“I want to be independent,” said one patient who lost both legs through tears. “I don’t want to be in a wheelchair and need my family to take care of me.”

“You are going to go right back to your life,” said a Marine who lost both legs in Afghanistan in 2010. “You will be more independent than you were before.”

The Marines were quick to remove their prosthetic legs and hand them to patients to touch and examine. Smiles and laughter emerged from patients as they bonded with those who know best what they are going through.

“You’re part of a special group now,” one Marine told a patient. “You now have the same badge of honor that we do and celebrate another birthday, what we call our Alive day.”

The Marines also visited with BMC staff, thanking providers for the care they have given to the victims of the Marathon bombings.

“Thank you for everything you did and continue to do,” the Marines told Emergency Department, OR and SICU staff.

“Thank you for what you have done for us,” said one nurse who burst into tears while she hugged a veteran.

The Marines say they will continue to support the patients long after they leave BMC through the Semper Fi Fund.

“They are part of our family and we will support them in every way possible,” says Guenther.

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Staff Process, Connect on Healing Journey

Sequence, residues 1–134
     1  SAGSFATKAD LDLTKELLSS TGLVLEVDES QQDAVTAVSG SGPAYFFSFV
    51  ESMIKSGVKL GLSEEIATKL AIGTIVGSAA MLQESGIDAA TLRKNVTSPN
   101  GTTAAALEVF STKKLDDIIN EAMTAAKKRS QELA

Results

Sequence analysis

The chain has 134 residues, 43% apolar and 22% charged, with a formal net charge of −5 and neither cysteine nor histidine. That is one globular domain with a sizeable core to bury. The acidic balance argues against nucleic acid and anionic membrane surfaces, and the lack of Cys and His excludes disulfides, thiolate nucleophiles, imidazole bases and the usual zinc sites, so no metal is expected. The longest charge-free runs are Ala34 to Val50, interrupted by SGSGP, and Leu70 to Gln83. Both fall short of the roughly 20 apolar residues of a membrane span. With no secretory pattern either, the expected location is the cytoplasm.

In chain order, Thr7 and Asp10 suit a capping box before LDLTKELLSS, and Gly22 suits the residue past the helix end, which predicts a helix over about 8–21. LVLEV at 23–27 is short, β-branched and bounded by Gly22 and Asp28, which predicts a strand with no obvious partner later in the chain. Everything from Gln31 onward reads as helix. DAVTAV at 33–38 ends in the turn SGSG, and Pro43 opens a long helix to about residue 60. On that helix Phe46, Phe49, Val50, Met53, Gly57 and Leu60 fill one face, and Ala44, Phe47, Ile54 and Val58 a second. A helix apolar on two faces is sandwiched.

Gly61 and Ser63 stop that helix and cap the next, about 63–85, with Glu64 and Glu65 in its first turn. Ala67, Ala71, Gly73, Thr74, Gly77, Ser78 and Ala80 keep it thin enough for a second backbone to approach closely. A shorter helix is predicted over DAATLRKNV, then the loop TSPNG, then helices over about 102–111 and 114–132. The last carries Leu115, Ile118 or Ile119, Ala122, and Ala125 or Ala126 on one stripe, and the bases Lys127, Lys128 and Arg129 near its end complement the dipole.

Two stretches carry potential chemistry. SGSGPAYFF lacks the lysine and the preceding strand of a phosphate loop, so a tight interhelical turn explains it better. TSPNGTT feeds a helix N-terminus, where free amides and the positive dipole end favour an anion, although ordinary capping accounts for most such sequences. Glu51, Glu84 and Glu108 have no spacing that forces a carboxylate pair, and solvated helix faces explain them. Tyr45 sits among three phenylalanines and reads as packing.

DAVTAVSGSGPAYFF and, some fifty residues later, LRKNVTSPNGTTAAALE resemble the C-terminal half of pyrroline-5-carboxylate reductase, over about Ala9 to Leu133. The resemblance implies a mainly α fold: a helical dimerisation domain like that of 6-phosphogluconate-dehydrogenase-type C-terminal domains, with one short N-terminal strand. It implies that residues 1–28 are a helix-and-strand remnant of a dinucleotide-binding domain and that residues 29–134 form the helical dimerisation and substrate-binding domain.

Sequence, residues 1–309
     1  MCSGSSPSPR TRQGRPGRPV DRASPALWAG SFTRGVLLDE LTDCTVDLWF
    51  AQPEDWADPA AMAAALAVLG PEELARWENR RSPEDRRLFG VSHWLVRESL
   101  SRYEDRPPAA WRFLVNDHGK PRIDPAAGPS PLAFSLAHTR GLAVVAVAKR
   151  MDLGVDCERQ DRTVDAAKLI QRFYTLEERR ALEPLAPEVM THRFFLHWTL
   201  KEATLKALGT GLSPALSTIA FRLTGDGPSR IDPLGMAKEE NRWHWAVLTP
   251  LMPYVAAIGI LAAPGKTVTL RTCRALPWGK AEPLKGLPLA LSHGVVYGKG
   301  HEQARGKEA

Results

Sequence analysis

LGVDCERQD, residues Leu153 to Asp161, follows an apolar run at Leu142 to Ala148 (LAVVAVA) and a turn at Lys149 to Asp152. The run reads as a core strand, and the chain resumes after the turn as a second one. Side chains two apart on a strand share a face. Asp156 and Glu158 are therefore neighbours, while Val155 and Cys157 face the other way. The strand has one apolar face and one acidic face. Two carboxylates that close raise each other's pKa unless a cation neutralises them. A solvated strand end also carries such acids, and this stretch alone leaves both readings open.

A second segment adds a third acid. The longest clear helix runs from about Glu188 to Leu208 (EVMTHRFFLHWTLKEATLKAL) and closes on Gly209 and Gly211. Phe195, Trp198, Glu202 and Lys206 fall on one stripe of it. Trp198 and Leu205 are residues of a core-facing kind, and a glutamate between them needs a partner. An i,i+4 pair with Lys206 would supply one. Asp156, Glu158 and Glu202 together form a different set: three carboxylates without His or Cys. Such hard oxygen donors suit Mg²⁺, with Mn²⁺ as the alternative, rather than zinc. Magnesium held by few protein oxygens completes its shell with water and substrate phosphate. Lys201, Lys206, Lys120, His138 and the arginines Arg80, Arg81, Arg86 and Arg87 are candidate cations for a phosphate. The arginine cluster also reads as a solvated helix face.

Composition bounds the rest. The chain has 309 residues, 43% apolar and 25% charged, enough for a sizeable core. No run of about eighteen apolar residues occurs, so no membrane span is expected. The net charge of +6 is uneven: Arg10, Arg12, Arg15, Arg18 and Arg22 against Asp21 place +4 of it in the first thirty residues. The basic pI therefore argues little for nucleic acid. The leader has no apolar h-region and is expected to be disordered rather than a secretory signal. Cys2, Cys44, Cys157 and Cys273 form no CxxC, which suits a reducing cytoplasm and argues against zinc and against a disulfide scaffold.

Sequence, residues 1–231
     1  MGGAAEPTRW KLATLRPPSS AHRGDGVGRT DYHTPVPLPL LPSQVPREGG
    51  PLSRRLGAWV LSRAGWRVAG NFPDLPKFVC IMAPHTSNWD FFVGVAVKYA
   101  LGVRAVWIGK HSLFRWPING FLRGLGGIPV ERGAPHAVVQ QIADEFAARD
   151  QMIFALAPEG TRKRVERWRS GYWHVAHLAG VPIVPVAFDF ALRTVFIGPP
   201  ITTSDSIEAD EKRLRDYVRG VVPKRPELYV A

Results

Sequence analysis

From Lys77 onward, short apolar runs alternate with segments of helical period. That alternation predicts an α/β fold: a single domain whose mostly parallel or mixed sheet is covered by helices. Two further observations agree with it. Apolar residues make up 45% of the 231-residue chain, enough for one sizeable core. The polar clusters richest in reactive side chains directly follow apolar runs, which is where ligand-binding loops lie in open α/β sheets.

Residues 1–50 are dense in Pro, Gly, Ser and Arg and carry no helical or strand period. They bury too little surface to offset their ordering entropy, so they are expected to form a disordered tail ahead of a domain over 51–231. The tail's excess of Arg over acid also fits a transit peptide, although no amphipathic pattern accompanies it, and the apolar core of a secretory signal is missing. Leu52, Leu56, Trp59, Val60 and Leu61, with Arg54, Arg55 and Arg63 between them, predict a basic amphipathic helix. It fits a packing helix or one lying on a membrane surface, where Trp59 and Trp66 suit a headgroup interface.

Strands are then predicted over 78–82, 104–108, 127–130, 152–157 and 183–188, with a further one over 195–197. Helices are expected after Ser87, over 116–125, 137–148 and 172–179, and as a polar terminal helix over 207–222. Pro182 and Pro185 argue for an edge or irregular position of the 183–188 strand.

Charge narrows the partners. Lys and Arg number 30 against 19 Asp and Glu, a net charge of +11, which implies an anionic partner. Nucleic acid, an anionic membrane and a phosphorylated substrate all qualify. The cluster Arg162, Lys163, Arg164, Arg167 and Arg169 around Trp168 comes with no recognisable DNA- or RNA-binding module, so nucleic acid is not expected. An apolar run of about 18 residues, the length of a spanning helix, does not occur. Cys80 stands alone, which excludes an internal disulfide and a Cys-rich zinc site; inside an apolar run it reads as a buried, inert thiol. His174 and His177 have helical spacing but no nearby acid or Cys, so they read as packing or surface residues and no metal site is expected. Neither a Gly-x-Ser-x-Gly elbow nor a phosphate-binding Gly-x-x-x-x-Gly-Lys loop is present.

Self-care is an important part of any person’s well-being, but it becomes vital following difficult events such as the Boston Marathon tragedy. Since the bombings, employees have been processing their experiences, often with the help of their medical professional peers.

Comfort

Over the past two weeks, hundreds of staffers have participated in both group and individual debriefing sessions facilitated by members of the Psychiatry, Social Work, Pastoral Care and Human Resources departments. These groups also have been deployed to various units responsible for caring for the victims to check-in with staff to see if they need additional resources, such as counseling, and if so, are referred appropriately.

“People in the medical profession who are used to taking care of others many times put themselves on the back burner,” says Claire Murphy, Senior Employee Relations Specialist, Human Resources. “Some of the things we have been discussing in the sessions include tips on self-care for dealing with stress of the bombings, ways to ease anxiety when a traumatic event strikes, how to talk to children about the bombings and how to cope with random acts of violence.”

Murphy says employees have experienced physical and emotional reactions, including fatigue, exhaustion, first-responder guilt about being spared in the bombings, and guilt felt by those who were not on duty in the ED on Marathon Monday but wish that they had been so that they could have helped.